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Boltzmann, L. (1866). über die MechanischeBedeutung des ZweitenHauptsatzes der Warmetheorie. Wiener Berichte, 53, 195-220.

has been cited by the following article:

  • TITLE: The Fact-Value Dichotomy: A New Light on an Old Problem

    AUTHORS: Georg F. Weber

    KEYWORDS: Social Justice, Progress, Fact-Value Dichotomy, Morality, Moral Code

    JOURNAL NAME: Sociology Mind, Vol.7 No.4, August 24, 2017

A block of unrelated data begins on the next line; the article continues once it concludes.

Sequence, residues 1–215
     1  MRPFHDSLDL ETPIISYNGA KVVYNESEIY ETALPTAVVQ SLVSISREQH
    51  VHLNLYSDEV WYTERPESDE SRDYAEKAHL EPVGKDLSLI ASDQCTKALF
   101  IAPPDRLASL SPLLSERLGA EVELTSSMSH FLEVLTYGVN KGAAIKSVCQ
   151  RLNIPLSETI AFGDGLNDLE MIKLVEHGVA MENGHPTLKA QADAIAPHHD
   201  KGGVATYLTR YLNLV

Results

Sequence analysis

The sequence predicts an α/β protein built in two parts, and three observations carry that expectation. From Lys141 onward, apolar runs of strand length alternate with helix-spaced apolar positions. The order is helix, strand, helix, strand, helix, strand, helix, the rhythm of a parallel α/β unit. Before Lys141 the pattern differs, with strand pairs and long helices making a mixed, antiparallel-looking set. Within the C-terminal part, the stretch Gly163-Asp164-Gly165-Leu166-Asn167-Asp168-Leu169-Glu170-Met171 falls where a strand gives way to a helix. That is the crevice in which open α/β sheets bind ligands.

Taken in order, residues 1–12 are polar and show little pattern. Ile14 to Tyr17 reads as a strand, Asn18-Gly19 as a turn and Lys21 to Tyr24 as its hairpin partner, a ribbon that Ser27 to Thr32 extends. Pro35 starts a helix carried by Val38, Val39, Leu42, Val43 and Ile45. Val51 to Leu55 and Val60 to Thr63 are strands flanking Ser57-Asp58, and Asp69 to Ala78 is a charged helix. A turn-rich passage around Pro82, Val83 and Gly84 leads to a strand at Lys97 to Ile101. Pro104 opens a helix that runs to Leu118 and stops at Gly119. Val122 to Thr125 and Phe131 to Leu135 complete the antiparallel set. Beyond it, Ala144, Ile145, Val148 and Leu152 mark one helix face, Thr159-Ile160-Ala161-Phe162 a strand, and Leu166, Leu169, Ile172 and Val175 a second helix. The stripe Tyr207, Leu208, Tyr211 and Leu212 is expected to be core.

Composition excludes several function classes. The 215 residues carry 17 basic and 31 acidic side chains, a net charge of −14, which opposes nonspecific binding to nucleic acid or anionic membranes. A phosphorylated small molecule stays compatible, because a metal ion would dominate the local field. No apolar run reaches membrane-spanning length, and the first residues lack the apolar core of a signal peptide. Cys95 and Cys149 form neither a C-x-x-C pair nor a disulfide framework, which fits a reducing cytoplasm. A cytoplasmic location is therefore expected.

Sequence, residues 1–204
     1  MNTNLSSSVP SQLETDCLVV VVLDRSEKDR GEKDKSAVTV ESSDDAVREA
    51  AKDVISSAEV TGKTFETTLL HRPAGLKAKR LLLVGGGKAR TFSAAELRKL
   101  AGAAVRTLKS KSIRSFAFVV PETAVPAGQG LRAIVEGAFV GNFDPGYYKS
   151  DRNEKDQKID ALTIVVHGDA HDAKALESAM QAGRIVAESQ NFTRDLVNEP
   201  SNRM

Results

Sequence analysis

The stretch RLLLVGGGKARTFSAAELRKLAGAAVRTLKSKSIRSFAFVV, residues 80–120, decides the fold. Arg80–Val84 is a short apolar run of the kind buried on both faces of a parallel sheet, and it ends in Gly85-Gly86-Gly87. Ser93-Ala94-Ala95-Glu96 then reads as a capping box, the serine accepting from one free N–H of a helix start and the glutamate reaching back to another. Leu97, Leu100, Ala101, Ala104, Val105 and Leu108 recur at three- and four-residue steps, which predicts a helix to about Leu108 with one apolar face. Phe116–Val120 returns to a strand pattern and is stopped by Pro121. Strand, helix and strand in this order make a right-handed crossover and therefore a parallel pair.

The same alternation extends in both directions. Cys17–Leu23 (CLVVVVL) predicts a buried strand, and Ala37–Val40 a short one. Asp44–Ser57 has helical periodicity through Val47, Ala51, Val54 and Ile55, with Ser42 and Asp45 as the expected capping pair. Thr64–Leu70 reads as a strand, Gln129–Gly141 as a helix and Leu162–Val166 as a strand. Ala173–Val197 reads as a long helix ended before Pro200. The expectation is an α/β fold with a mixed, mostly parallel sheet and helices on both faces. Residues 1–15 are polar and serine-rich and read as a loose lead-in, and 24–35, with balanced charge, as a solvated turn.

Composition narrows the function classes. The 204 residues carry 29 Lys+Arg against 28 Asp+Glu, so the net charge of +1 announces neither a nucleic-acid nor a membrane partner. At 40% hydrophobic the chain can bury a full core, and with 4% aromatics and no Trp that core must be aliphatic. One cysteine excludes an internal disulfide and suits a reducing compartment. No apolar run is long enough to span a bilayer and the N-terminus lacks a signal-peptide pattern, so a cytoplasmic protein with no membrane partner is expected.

ABSTRACT: Two highly visible, but conflicting concepts of morality have found widespread acceptance in philosophy. Socrates identified goodness with wisdom, holding lack of knowledge responsible for all moral mistakes. David Hume contrasted prescriptive with descriptive judgments, leading him to the conclusion that the former, unlike the latter, are not rationally supportable. It has often been missed that the acceptance of both, Socrates’ teachings and Hume’s law, generates a conflict, as elements of these two concepts contradict each other. It would appear prima facie obvious that mankind has learned from history how to coexist and make societies more just. Hence, there must be an empirical component contained in morals. Today, we have data that are reflective of certain elements of social justice. Measurables like crime rate, range between high and low income brackets, unemployment et cetera can serve as quantitative indicators for individual components that contribute to social justice. Such evidence corroborates at least a restriction on Hume’s stance, if not an outright negation. Because there are rational and empirical elements underlying morality, thought models need to be calibrated against the real world for validation. The discussion, what constitutes progress and social justice, must consult history and research—not ideology—as sources of justification. Philosophy and the sciences must cross-fertilize each other.